In the tradition of the Elder Scrolls Serie:, Bethesda created a huge fantasy role-playing game that leaves more freedom to the player than most other games before. After being released from a prison ship at the shores of the island Vvardenfell, Morrowind heroes may do more or less what they want: follow the main quest and solve the mystery of an ancient prophecy, join any of roughly a dozen guilds and rise in their hierarchy by performing duties, or simply explore the gigantic island with its very individual cities, hundreds of dungeons and tombs, ancient ruins and mighty fortresses.
Morrowind uses a two-stage skill system. Your hero’s primary stats (strength etc.) increase with each level gained, secondary abilities improve by use – the more often you jump, the more proficient you become in the »Acrobatics« skill. The real-time fights are simple exchanges of strikes or spells, until one combatant dies. Annoying: the enemy’s condition (‘How wounded is he?’) is not shown.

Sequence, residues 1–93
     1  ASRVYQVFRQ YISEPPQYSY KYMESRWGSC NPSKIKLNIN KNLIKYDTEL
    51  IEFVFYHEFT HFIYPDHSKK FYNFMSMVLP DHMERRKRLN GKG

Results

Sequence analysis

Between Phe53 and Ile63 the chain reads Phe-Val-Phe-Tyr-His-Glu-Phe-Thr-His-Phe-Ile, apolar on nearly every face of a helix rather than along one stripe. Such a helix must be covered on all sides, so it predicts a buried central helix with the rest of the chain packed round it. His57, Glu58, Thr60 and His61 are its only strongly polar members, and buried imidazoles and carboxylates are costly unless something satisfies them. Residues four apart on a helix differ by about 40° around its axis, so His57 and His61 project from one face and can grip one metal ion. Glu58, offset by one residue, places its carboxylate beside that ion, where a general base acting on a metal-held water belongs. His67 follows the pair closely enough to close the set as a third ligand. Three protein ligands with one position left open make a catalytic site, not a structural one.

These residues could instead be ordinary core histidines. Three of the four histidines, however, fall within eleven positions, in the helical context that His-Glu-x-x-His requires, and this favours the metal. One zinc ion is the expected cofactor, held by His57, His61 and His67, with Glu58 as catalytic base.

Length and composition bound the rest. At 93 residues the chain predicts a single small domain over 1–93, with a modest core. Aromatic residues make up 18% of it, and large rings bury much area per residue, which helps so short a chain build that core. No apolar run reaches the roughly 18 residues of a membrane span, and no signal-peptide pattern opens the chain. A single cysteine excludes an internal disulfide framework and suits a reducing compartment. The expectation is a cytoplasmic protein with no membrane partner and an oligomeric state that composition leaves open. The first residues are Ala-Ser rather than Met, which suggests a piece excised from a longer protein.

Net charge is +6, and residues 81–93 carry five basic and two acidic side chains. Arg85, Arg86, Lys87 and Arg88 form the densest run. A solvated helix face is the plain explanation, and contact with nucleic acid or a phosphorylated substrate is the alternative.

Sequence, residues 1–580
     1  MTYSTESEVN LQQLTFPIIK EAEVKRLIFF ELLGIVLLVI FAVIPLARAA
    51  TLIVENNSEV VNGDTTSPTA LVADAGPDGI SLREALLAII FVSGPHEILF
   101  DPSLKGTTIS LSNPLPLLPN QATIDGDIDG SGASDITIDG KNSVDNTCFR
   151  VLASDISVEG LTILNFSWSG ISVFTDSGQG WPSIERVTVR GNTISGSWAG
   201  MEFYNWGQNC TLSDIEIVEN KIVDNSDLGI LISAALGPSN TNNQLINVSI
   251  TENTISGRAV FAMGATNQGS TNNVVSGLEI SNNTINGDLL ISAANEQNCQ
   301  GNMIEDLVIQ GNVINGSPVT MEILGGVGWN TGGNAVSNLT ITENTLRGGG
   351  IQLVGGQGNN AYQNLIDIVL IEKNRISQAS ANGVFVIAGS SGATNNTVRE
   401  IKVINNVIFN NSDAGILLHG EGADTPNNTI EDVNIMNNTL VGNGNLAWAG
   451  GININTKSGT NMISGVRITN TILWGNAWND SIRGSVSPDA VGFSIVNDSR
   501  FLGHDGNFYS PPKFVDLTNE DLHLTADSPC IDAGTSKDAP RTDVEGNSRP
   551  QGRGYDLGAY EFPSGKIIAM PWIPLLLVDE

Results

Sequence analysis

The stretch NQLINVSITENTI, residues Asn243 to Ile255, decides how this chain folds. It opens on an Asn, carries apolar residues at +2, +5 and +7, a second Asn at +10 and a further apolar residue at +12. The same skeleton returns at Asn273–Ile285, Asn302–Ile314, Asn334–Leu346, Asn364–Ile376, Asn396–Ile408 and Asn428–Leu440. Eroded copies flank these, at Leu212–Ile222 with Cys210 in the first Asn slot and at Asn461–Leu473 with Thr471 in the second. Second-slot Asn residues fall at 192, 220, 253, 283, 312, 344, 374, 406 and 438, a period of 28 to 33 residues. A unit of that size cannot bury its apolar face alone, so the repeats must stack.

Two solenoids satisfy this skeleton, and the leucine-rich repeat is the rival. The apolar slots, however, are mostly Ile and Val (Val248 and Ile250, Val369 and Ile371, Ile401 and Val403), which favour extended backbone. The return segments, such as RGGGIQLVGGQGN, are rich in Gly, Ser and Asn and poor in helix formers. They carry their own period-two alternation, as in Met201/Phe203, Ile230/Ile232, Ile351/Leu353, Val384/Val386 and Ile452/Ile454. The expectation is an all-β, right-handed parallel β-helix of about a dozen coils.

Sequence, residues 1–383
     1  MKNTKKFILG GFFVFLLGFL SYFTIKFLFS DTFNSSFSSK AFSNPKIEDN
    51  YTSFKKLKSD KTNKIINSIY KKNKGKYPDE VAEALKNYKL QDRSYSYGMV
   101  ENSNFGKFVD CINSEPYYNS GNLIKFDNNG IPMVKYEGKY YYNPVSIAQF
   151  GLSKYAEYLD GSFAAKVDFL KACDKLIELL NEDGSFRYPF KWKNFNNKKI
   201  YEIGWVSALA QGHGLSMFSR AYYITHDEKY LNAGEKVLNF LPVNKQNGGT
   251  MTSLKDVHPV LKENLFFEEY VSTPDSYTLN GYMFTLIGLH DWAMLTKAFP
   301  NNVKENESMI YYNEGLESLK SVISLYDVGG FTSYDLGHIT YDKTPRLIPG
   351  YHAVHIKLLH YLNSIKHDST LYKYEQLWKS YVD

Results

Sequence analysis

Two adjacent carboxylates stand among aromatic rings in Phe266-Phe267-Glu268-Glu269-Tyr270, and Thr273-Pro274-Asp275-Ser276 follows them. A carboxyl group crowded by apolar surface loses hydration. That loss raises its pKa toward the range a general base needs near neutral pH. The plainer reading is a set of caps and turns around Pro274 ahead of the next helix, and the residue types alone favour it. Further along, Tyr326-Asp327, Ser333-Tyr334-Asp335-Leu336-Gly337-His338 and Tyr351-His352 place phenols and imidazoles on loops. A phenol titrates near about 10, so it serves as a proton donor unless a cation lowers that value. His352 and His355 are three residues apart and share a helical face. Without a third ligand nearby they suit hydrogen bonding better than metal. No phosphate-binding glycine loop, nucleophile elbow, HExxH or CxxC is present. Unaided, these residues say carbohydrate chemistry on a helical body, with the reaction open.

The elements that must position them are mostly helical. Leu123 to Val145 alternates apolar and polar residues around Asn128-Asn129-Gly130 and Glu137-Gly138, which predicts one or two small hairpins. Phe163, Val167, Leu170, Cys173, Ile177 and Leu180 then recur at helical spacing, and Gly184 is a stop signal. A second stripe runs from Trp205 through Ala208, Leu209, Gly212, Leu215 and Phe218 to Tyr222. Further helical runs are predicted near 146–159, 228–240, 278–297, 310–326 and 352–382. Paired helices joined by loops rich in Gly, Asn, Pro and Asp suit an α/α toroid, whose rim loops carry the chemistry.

Your race and gender, but also your reputation influence the reactions of NPCs. If a character’s sympathy for you is low (rated on a scale from 1 to 100), he might refuse to answer your questions; if it is high, you’ll get more detailed inMedia:ion and better bargains in shops. Most quests involving other persons can be solved by persuasion, pick pocketing, or simply by force.
Morrowind’s NDL 3D game engine is powerful in drawing wide, detailed outdoor landscapes as well as complex indoor environments. Transitions are not fluent; houses and dungeons must be loaded upon entering. Graphically most notable are the cleverly textured character models and the beautiful water effects with realistic reflections.